Zhang Yong, CEO of Alibaba, introduces its artificial intelligence (AI) ET Brain during the release ceremony for world leading Internet scientific and technological achievements in Wuzhen, east China's Zhejiang Province, Dec. 3, 2017. The Fourth World Internet Conference opened in Wuzhen on Sunday. (Xinhua/Li Xin)
China's transition from a country that follows the world's technological trends to one that sets them, is no longer a blueprint -- it's a reality.
After years focusing on innovation, China caught up fast. From artificial intelligence and genetic engineering, to mobile payments and bike-sharing, Chinese firms are pulling ahead of their rivals.
Jeremy Rifkin, an economic observer and author of the New York Times bestseller "The Third Industrial Revolution," said China was becoming a global leader in the new revolutionary tide.
Silicon Valley has long been considered the most viable option for starting a business in the tech sector. Now, this is beginning to change. Known as "sea turtles," a growing number of overseas-educated Chinese are returning to their home country, turning down opportunities in Silicon Valley to make a splash in China's emerging tech sector.
As the number of Chinese students at overseas universities surged to 544,500 in 2016, the number of sea turtles also surged, with 432,500 returning to China last year, nearly 60 percent more than 2012, according to the Ministry of Education.
The reverse brain drain has benefited China's tech companies, such as Royole, a company founded in 2012 by "sea turtle" Liu Zihong, a Stanford graduate.
After working at IBM in New York for three years, Liu moved to Shenzhen and decided to start his own business. The 34-year-old CEO said the early days were hard, but "thanks to the government's preferential policies, we could focus on research and development in the early stage and grow fast."
Two years after its founding, Royole rolled-out one of its core products -- the world's thinnest bendable screens that if used on an iPad, would allow it to be folded into the size of an iPhone.
The company has filed more than 1,500 patents, and its products have been sold to more than 20 countries and regions.
Valued at over three billion U.S. dollars, Royole has become one of the world's fastest-growing tech "unicorns," new tech companies valued at over one billion dollars.
Besides fueling emerging industries, innovation is also transforming traditional sectors, which are under double pressure from developed nations' re-industrialization strategies and the mushrooming of lower-cost manufacturers in emerging economies.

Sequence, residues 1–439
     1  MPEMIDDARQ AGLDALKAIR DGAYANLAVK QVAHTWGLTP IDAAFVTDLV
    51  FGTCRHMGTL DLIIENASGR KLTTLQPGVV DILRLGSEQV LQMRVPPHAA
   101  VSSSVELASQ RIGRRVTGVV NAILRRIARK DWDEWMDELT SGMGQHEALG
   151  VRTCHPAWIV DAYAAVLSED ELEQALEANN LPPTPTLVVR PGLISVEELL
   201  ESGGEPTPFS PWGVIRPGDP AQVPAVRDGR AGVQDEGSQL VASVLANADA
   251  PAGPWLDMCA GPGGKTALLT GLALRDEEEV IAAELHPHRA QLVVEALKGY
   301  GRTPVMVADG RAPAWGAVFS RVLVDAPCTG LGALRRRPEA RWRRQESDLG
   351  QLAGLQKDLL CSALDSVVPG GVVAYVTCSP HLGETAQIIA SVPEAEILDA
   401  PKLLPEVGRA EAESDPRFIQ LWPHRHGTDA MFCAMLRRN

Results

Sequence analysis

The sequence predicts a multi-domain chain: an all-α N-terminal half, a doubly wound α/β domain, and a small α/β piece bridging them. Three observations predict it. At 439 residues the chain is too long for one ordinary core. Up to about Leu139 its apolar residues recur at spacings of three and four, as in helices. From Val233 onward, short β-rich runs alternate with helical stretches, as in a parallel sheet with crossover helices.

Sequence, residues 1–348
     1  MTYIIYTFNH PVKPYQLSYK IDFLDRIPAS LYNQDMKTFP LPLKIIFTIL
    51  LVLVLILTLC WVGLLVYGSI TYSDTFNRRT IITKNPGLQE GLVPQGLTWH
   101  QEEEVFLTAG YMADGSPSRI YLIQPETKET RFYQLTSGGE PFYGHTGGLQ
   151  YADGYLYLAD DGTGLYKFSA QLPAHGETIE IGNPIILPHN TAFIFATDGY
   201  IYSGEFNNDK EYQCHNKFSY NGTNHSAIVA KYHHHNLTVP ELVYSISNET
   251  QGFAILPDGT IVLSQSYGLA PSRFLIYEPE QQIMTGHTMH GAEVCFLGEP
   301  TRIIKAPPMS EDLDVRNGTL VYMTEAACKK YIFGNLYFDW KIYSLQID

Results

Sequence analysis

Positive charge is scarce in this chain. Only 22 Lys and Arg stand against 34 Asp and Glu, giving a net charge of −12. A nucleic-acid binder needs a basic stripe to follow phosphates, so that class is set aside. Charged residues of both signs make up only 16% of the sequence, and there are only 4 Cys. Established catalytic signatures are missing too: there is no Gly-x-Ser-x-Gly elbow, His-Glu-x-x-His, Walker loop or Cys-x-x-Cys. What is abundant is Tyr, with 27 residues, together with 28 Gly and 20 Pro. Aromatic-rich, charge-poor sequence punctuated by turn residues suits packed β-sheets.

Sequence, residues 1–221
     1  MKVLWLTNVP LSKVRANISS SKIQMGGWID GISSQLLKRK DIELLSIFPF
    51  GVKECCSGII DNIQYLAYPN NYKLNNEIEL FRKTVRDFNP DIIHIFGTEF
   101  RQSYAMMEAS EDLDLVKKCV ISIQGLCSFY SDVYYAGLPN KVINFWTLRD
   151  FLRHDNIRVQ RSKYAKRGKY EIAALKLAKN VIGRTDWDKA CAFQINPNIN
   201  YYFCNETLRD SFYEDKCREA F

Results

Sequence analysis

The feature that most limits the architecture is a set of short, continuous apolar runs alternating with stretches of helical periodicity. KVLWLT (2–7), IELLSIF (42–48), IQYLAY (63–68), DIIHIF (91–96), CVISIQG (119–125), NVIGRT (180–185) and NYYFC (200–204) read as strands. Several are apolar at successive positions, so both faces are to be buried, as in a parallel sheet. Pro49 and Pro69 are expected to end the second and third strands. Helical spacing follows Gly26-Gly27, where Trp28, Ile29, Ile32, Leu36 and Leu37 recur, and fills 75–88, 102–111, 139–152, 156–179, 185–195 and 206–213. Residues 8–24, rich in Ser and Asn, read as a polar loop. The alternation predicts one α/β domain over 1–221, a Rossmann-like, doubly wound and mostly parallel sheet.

"To remain competitive, we have to stick to innovation," said Zou Lei, chairman of Dongfang Electric Corporation, a state-owned company that manufactures power generators.
Data from the World Intellectual Property Organization (WIPO) showed last week that China dominated top economies in patent applications in 2016, with the number surpassing the combined applications of the United States, Japan, the Republic of Korea and Europe.
"China is increasingly amongst the leaders in global innovation and branding," WIPO Director General Francis Gurry said.
VIBRANT ECO-SYSTEM FOR INNOVATION
Driven by both global ambition and domestic needs for new sources of growth, China has been trying to make itself a country of innovators and emerge at the world's high-tech forefront.
At the 19th National Congress of the Communist Party of China, which charts the course for the country's future development, innovation has been labeled as the primary driving force behind development.
China has worked to create an eco-system for innovation, including talent, investment, policy support and market environment, that fuels a cycle of innovative activity.
"As the world's most populous nation, China has the demographic dividend for technological innovation," said Zhu Yanmei, chief human officer of the Shenzhen-based BGI, China's top gene-sequencing provider. "We can easily arrange an R&D team of more than 1,000 members in China, but it is not an easy task in other countries."
To raise the quality and quantity of its college graduates, China lifted the college enrollment ratio from less than 10 percent in the 1990s to 42.7 percent last year. This, together with measures to attract "sea turtles" and overseas talent, ensures innovative and entrepreneurial talent for the country's high-tech sectors.
Increasing R&D expenditure -- the total is second only to the United States, and government support, including financial services, subsidies and easier market access, are also advantages for China's innovators.
Riding a wave of government support, tech start-ups like Royole have mushroomed in China. The boom has attracted an influx of global venture capital, making China the world's second-largest private equity investment market.
Analysts say that China's improving infrastructure, including the world's largest high-speed rail network and a massive broadband network, has enhanced logistics and fostered innovation.
(Source: Xinhua, December 12, 2017)